Document Information


Part I Introduction

1.  Overview

2.  Using the Tutorial Examples

Part II The Web Tier

3.  Getting Started with Web Applications

4.  JavaServer Faces Technology

5.  Introduction to Facelets

6.  Expression Language

7.  Using JavaServer Faces Technology in Web Pages

8.  Using Converters, Listeners, and Validators

9.  Developing with JavaServer Faces Technology

10.  JavaServer Faces Technology: Advanced Concepts

11.  Using Ajax with JavaServer Faces Technology

12.  Composite Components: Advanced Topics and Example

13.  Creating Custom UI Components and Other Custom Objects

14.  Configuring JavaServer Faces Applications

Using Annotations to Configure Managed Beans

Using Managed Bean Scopes

Eager Application-Scoped Beans

Application Configuration Resource File

Ordering of Application Configuration Resource Files

Configuring Managed Beans

Using the managed-bean Element

Initializing Properties Using the managed-property Element

Referencing a Java Enum Type

Referencing a Context Initialization Parameter

Initializing Map Properties

Initializing Array and List Properties

Initializing Managed Bean Properties

Initializing Maps and Lists

Registering Application Messages

Using FacesMessage to Create a Message

Referencing Error Messages

Using Default Validators

Registering a Custom Validator

Configuring Navigation Rules

To Configure a Navigation Rule

Implicit Navigation Rules

Registering a Custom Renderer with a Render Kit

Registering a Custom Component

Basic Requirements of a JavaServer Faces Application

Configuring an Application with a Web Deployment Descriptor

Identifying the Servlet for Lifecycle Processing

To Specify a Path to an Application Configuration Resource File

To Specify Where State Is Saved

Configuring Project Stage

Including the Classes, Pages, and Other Resources

15.  Java Servlet Technology

16.  Uploading Files with Java Servlet Technology

17.  Internationalizing and Localizing Web Applications

Part III Web Services

18.  Introduction to Web Services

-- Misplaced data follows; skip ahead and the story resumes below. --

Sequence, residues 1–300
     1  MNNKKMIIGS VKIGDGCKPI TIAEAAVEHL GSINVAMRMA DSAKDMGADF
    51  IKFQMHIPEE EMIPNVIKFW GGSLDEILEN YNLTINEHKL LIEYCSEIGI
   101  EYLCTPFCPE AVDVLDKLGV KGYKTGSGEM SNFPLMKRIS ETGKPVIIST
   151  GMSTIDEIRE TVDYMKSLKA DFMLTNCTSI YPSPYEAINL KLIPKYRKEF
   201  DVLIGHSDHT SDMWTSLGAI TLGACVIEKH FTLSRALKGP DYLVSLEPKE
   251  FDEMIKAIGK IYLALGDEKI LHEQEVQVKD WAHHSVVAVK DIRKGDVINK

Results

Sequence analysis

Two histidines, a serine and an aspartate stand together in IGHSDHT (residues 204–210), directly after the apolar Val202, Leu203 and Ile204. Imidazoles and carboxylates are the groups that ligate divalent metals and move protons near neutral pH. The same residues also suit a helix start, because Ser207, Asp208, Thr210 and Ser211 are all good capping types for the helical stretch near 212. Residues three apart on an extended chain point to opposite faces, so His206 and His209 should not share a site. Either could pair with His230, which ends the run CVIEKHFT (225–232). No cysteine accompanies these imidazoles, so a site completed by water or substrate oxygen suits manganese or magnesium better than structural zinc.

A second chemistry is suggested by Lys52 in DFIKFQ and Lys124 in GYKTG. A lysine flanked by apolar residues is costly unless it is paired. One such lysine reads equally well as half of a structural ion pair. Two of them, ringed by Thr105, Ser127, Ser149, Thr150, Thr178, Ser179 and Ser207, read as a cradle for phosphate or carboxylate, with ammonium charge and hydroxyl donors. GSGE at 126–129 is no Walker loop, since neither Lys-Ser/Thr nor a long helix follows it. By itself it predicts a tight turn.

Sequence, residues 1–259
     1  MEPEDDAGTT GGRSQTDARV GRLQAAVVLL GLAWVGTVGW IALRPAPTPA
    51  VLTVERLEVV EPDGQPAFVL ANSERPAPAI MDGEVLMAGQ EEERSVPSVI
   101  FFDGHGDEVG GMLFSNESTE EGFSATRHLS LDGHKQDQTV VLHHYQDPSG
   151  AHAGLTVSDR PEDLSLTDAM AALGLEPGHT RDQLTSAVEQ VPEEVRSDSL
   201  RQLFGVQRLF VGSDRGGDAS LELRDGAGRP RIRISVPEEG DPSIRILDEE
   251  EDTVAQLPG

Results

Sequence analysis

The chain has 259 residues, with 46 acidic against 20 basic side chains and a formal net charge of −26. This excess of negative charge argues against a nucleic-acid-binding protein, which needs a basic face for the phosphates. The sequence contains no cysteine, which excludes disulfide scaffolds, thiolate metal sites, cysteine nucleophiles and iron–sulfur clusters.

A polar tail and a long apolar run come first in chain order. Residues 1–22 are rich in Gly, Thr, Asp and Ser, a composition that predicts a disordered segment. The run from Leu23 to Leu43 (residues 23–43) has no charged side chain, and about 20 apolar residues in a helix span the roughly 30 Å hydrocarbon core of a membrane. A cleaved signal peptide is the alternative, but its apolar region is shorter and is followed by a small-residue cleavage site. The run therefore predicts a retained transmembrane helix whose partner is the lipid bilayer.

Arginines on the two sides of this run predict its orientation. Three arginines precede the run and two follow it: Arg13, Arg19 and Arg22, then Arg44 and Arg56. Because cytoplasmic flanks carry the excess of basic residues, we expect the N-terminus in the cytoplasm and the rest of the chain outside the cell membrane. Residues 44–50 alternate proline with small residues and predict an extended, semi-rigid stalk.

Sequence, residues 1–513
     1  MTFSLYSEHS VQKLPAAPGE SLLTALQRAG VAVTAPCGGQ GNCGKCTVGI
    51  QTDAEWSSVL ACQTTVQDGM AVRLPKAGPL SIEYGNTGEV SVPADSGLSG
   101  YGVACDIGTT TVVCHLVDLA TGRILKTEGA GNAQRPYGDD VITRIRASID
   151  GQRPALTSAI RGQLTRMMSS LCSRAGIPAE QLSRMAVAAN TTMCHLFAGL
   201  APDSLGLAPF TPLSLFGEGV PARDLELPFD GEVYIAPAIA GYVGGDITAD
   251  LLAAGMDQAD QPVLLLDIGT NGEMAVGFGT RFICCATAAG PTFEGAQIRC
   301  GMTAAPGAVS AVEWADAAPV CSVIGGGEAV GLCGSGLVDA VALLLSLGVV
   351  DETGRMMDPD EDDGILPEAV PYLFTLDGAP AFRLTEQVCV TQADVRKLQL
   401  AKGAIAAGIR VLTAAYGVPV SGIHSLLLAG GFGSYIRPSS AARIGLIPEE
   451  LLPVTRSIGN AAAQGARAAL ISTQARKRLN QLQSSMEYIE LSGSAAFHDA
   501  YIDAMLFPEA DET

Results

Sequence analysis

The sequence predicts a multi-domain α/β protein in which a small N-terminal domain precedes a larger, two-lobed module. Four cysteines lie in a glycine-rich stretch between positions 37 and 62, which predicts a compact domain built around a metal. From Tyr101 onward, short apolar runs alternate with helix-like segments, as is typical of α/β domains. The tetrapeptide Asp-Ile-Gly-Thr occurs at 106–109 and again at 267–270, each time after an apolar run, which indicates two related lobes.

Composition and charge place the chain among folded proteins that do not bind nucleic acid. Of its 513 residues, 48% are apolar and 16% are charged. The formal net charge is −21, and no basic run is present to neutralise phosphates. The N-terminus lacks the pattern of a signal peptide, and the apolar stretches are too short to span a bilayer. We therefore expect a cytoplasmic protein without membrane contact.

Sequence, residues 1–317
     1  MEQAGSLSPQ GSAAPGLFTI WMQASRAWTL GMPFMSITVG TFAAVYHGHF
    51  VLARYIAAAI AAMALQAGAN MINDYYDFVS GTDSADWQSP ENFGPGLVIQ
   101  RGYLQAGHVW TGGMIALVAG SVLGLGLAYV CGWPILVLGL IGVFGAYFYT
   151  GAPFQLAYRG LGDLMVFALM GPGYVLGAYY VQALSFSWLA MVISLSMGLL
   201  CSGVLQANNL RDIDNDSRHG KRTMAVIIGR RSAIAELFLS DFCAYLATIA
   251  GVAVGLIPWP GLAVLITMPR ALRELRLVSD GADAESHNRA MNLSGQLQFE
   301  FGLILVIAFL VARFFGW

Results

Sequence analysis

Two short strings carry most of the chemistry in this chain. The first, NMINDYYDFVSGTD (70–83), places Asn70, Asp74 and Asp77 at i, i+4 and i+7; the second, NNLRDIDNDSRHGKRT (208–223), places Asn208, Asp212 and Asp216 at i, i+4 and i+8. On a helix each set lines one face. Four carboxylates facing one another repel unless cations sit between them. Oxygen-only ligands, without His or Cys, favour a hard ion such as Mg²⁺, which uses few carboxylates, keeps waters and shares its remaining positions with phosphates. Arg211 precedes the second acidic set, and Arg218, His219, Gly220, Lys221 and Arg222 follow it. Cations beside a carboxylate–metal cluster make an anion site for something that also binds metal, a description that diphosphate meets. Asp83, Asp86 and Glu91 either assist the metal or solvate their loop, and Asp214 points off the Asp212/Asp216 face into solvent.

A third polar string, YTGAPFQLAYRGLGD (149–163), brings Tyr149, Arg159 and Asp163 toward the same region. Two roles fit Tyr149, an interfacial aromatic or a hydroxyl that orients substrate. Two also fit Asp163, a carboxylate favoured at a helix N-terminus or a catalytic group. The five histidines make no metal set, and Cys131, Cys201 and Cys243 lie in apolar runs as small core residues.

19.  Building Web Services with JAX-WS

20.  Building RESTful Web Services with JAX-RS

21.  JAX-RS: Advanced Topics and Example

Part IV Enterprise Beans

22.  Enterprise Beans

23.  Getting Started with Enterprise Beans

24.  Running the Enterprise Bean Examples

25.  A Message-Driven Bean Example

26.  Using the Embedded Enterprise Bean Container

27.  Using Asynchronous Method Invocation in Session Beans

Part V Contexts and Dependency Injection for the Java EE Platform

28.  Introduction to Contexts and Dependency Injection for the Java EE Platform

29.  Running the Basic Contexts and Dependency Injection Examples

30.  Contexts and Dependency Injection for the Java EE Platform: Advanced Topics

31.  Running the Advanced Contexts and Dependency Injection Examples

Part VI Persistence

32.  Introduction to the Java Persistence API

33.  Running the Persistence Examples

34.  The Java Persistence Query Language

35.  Using the Criteria API to Create Queries

36.  Creating and Using String-Based Criteria Queries

37.  Controlling Concurrent Access to Entity Data with Locking

38.  Using a Second-Level Cache with Java Persistence API Applications

Part VII Security

39.  Introduction to Security in the Java EE Platform

40.  Getting Started Securing Web Applications

41.  Getting Started Securing Enterprise Applications

42.  Java EE Security: Advanced Topics

Part VIII Java EE Supporting Technologies

43.  Introduction to Java EE Supporting Technologies

44.  Transactions

45.  Resources and Resource Adapters

46.  The Resource Adapter Example

47.  Java Message Service Concepts

48.  Java Message Service Examples

49.  Bean Validation: Advanced Topics

50.  Using Java EE Interceptors

Part IX Case Studies

51.  Duke's Bookstore Case Study Example

52.  Duke's Tutoring Case Study Example

53.  Duke's Forest Case Study Example



Registering a Custom Converter

As is the case with a custom validator, if the application developer creates a custom converter, you must register it with the application either by using the @FacesConverter annotation, as described in Creating a Custom Converter, or by using the converter XML element in the application configuration resource file. Here is a hypothetical converter configuration for CreditCardConverter from the Duke’s Bookstore case study:

        Converter for credit card numbers that normalizes
        the input to a standard format

Attributes specified in a converter tag override any settings in the @FacesConverter annotation.

The converter element represents a javax.faces.convert.Converter implementation and contains required converter-id and converter-class elements.

The converter-id element identifies an ID that is used by the converter attribute of a UI component tag to apply the converter to the component’s data. Using a Custom Converter includes an example of referencing the custom converter from a component tag.

The converter-class element identifies the Converter implementation.

Creating and Using a Custom Converter explains how to create a custom converter.